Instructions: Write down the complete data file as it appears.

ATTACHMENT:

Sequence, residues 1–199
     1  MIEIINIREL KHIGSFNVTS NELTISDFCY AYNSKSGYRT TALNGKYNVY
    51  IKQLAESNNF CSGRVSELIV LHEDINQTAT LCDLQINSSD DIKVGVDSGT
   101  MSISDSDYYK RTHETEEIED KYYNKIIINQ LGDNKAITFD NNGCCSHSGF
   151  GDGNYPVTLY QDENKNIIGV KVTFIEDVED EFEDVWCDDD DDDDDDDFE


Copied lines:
Sequence, residues 1–199
     1  MIEIINIREL KHIGSFNVTS NELTISDFCY AYNSKSGYRT TALNGKYNVY
    51  IKQLAESNNF CSGRVSELIV LHEDINQTAT LCDLQINSSD DIKVGVDSGT
   101  MSISDSDYYK RTHETEEIED KYYNKIIINQ LGDNKAITFD NNGCCSHSGF
   151  GDGNYPVTLY QDENKNIIGV KVTFIEDVED EFEDVWCDDD DDDDDDDFE